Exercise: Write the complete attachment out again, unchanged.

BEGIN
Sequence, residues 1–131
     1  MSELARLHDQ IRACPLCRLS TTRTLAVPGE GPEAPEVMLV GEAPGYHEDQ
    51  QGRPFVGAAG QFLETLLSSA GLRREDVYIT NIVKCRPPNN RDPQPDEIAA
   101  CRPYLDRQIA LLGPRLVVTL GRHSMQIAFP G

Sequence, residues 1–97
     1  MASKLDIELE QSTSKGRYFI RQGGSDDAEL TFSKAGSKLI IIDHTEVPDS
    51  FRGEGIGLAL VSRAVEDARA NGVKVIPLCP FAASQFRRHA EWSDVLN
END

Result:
Sequence, residues 1–131
     1  MSELARLHDQ IRACPLCRLS TTRTLAVPGE GPEAPEVMLV GEAPGYHEDQ
    51  QGRPFVGAAG QFLETLLSSA GLRREDVYIT NIVKCRPPNN RDPQPDEIAA
   101  CRPYLDRQIA LLGPRLVVTL GRHSMQIAFP G

Sequence, residues 1–97
     1  MASKLDIELE QSTSKGRYFI RQGGSDDAEL TFSKAGSKLI IIDHTEVPDS
    51  FRGEGIGLAL VSRAVEDARA NGVKVIPLCP FAASQFRRHA EWSDVLN